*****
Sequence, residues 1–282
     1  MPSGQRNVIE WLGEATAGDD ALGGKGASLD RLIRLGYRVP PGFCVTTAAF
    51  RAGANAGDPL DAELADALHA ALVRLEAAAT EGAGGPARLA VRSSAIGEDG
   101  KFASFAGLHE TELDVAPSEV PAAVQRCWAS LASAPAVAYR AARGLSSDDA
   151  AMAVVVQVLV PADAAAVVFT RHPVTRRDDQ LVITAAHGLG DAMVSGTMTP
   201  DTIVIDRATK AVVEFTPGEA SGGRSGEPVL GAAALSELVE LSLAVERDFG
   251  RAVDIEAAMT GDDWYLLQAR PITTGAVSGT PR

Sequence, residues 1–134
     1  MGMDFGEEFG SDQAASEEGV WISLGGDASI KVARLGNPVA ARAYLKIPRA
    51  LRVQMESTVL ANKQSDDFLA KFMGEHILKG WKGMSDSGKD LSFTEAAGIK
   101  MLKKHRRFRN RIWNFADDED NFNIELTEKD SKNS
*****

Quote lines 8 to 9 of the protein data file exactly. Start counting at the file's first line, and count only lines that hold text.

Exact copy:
Sequence, residues 1–134
     1  MGMDFGEEFG SDQAASEEGV WISLGGDASI KVARLGNPVA ARAYLKIPRA